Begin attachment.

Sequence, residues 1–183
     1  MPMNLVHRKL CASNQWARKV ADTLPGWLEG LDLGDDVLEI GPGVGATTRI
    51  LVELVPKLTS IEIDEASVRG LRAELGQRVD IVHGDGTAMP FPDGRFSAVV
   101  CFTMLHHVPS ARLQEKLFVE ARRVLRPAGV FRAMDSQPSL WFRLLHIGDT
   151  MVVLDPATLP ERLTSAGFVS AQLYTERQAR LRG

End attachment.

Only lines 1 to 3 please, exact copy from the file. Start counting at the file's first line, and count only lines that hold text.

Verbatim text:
Sequence, residues 1–183
     1  MPMNLVHRKL CASNQWARKV ADTLPGWLEG LDLGDDVLEI GPGVGATTRI
    51  LVELVPKLTS IEIDEASVRG LRAELGQRVD IVHGDGTAMP FPDGRFSAVV